Face cams from Dallas Fuel vs. Los Angeles Gladiators. Provided by the Overwatch League


It takes a special kind of hubris to attempt Overwatch League pre-season power rankings. After three seasons, we should know better. Who are we to think we can know anything based on nothing?

All this to say, everyone’s power rankings are in shambles. Many ranked the Los Angeles Gladiators as one of their top three teams coming into the season. It wasn’t a baseless speculation either; with an array of mechanically gifted newcomers and two-time champion Grant “Moth” Espe at the helm, they were expected to, at the very least, give the top teams a run for their money. However, the Gladiators ended their first weekend with back-to-back losses to the San Francisco Shock and Dallas Fuel. Conversely, teams that were expected to be middling exceeded expectations, with the Chengdu Hunters and Houston Outlaws pulling off spectacular upset victories against their division leaders. Perhaps power rankings really are just a fool’s game. (Although we’ll still be doing them every other week here on Upcomer, of course.)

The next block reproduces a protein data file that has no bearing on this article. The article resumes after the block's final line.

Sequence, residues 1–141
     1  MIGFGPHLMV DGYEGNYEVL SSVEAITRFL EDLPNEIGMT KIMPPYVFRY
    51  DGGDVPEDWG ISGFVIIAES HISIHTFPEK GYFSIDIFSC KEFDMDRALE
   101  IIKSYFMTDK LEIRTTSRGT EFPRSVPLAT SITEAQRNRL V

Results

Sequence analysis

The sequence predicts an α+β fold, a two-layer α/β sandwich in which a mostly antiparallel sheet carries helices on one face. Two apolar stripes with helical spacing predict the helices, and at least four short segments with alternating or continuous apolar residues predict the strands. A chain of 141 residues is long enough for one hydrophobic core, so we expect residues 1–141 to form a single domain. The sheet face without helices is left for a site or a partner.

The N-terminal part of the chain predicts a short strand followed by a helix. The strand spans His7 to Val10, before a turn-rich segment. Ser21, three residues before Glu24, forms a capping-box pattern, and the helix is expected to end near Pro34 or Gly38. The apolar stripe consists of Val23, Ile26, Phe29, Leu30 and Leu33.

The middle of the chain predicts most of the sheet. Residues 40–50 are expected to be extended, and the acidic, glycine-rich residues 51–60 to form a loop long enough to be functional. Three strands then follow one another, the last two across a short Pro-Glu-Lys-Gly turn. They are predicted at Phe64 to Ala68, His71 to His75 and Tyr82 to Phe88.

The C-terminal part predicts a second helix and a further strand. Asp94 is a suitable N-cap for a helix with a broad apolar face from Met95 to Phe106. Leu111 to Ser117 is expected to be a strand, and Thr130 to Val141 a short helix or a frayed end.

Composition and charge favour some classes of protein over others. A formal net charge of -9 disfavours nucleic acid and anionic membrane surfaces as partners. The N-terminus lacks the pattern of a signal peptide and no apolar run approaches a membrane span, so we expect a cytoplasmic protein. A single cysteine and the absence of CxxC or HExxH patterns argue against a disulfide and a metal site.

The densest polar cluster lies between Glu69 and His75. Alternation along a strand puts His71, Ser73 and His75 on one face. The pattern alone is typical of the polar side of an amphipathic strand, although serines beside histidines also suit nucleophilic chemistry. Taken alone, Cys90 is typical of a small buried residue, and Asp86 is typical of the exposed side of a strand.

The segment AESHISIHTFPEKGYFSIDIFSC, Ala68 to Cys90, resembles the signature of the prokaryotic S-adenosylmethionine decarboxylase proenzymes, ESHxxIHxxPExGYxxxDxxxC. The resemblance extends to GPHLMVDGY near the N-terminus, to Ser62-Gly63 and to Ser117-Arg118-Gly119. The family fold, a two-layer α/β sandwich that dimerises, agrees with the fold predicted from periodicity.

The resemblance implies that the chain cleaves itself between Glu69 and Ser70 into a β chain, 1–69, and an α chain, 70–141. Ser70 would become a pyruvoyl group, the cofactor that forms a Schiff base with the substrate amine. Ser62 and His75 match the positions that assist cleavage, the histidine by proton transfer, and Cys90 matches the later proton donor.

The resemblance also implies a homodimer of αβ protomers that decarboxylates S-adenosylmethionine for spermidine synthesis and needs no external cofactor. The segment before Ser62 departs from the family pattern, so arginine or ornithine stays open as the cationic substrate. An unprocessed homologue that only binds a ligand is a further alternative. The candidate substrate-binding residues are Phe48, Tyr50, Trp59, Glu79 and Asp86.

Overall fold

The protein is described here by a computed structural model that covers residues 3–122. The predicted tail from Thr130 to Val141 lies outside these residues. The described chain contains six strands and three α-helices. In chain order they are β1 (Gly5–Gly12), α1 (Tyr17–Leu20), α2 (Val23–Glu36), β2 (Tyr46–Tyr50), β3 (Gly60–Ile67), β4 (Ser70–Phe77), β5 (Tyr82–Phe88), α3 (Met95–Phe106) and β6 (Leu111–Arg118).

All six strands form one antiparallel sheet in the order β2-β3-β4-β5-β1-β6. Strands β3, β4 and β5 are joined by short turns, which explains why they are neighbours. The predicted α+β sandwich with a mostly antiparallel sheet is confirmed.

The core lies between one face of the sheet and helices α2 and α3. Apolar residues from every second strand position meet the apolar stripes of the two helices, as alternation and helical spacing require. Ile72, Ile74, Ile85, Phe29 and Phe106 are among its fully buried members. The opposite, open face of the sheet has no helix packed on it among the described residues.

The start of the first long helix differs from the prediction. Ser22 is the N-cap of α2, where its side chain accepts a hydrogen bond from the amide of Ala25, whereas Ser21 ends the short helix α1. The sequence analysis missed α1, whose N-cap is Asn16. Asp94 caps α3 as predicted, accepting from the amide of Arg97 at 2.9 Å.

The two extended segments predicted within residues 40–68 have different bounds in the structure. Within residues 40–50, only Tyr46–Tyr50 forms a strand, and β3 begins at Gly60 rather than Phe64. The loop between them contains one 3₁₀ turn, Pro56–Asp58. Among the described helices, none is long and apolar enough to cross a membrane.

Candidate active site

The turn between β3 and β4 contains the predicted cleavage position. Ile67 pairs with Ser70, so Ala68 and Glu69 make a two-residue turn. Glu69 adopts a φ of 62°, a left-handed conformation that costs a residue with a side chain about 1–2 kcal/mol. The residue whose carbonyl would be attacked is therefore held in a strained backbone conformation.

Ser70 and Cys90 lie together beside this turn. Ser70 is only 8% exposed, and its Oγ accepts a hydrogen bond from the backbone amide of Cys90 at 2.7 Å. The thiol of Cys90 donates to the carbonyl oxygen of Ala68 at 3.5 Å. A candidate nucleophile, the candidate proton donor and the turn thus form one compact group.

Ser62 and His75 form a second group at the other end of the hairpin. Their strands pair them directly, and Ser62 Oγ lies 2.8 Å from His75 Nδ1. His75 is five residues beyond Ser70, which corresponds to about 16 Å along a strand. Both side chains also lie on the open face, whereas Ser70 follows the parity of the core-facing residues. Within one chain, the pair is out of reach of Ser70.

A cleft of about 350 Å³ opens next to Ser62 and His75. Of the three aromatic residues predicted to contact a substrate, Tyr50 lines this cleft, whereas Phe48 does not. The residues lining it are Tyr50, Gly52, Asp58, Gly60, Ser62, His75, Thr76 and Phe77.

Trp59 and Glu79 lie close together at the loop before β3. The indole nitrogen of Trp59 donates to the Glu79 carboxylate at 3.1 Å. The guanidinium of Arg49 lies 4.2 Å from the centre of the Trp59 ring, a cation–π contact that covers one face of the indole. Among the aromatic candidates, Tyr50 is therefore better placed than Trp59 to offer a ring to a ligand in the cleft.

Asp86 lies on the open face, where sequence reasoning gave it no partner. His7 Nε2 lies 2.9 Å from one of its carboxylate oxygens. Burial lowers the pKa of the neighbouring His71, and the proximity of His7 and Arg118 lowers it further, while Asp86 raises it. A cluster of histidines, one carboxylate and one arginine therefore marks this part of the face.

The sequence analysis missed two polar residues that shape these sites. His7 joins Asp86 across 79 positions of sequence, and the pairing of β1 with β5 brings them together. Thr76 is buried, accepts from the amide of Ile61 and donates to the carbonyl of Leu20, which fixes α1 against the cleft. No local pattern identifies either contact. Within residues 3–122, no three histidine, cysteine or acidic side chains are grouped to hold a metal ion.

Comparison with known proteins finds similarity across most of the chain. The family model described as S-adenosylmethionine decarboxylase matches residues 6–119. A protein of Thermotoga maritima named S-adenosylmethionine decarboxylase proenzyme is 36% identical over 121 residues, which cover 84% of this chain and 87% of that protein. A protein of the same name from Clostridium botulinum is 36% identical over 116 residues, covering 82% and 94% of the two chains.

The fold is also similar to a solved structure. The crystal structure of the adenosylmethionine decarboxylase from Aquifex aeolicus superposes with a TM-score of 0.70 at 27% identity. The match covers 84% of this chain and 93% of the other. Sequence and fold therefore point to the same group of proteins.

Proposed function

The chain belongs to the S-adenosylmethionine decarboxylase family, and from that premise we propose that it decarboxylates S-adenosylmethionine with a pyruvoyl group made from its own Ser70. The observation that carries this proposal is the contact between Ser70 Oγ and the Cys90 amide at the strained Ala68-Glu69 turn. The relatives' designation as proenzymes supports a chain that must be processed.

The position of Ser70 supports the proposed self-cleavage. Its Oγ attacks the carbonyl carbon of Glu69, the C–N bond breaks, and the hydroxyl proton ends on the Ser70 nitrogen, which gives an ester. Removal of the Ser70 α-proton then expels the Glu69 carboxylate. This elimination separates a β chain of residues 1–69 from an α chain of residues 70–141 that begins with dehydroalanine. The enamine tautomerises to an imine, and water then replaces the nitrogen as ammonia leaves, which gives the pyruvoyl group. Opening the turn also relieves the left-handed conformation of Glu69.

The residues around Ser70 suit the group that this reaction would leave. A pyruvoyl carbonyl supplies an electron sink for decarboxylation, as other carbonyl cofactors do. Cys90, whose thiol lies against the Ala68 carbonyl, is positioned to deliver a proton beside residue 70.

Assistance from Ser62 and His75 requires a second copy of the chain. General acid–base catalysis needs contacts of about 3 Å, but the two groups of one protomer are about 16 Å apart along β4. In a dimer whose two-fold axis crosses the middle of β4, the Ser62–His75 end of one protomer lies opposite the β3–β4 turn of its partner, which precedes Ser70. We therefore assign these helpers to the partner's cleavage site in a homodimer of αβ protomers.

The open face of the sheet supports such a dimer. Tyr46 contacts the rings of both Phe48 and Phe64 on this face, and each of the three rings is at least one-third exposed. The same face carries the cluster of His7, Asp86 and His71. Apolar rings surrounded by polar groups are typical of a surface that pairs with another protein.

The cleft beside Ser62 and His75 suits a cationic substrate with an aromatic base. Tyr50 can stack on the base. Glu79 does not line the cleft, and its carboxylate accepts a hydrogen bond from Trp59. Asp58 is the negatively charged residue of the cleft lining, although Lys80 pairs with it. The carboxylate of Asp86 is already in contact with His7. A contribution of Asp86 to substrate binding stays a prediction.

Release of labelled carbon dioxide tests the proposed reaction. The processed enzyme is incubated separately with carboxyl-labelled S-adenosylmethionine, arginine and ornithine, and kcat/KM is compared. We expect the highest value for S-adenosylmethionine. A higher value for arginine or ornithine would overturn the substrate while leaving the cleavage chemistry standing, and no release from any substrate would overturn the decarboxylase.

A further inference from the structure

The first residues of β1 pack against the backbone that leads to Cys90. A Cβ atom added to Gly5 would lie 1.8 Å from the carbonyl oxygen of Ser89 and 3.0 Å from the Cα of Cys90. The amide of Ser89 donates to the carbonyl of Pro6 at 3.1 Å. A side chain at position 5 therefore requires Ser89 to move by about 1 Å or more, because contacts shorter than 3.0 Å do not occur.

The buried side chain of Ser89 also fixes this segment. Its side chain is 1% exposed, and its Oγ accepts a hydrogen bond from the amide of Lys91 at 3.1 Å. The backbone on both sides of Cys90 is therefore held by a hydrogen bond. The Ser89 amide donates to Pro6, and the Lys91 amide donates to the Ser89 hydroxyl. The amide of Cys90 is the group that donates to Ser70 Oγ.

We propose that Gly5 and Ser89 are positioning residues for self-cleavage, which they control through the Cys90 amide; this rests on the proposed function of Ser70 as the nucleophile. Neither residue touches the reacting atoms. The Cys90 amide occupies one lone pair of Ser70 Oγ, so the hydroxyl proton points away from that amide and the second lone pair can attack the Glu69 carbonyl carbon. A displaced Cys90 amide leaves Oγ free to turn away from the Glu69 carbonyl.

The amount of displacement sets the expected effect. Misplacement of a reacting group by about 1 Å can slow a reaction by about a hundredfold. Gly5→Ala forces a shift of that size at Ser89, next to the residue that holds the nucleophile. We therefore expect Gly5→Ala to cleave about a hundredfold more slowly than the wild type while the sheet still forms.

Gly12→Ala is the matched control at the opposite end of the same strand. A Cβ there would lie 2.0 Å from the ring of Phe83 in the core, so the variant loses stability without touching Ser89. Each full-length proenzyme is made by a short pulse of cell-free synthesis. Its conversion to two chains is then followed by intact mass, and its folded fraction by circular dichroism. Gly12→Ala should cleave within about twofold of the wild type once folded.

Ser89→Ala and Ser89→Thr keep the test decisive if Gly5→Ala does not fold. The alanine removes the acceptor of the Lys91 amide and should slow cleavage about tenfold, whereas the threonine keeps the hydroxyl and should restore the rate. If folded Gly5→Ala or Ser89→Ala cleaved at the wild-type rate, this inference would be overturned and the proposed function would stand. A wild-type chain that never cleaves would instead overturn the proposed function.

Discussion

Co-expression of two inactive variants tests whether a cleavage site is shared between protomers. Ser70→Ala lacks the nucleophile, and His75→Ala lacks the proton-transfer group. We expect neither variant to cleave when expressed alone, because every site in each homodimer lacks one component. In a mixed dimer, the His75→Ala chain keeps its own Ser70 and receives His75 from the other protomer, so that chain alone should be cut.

Every player in the Overwatch League is, by definition, a gamer. But, sometimes, one rises to the top as the most gamer of them all. Whenever this happens, it’s worth celebrating. Each week, we’ll be picking the one player who we think gamed harder than anyone else.


Heesu poses for the camera.
Toronto Defiant’s Heesu. Provided by Blizzard Entertainment

The Toronto Defiant were able to go 2-0 in their opening games with a victory over the Vancouver Titans and a reverse sweep against the Atlanta Reign. This winning record was due in large part to Heesu, a damage dealer who’s well on his way to becoming the scene’s new baby-faced killer.

It’s safe to say that Heesu gamed very hard this weekend. He dominated on hitscan heroes like Ashe and McCree, constantly keeping opposing damage players pinned down and getting crucial opening picks. He was also a strong contender for best Sombra in the league last season, and his skill on her clearly hasn’t deteriorated over the off-season.

What really set him apart from the rest this week, though, was his decision to play Junkrat on attack against the Atlanta Reign on Dorado. This hero pick proved invaluable in countering the Reign’s tightly-packed rush composition. The Defiant were down 0-2 at this point and Heesu’s tactical rat gave them the momentum they needed to steamroll through the map and eventually win the series. With the meta in its current state, clever picks like these can go a long way. Elite hitscan players are a dime a dozen in the Overwatch League, but a player with such incredible aim playing a hero who requires almost no aim? That takes skill.


  • Kim “Alarm” Kyeong-bo (Philadelphia Fusion)
  • Cho “JJANGGU” Myeong-heum (Houston Outlaws)
  • Qiu “GA9A” Jiaxin (Chengdu Hunters)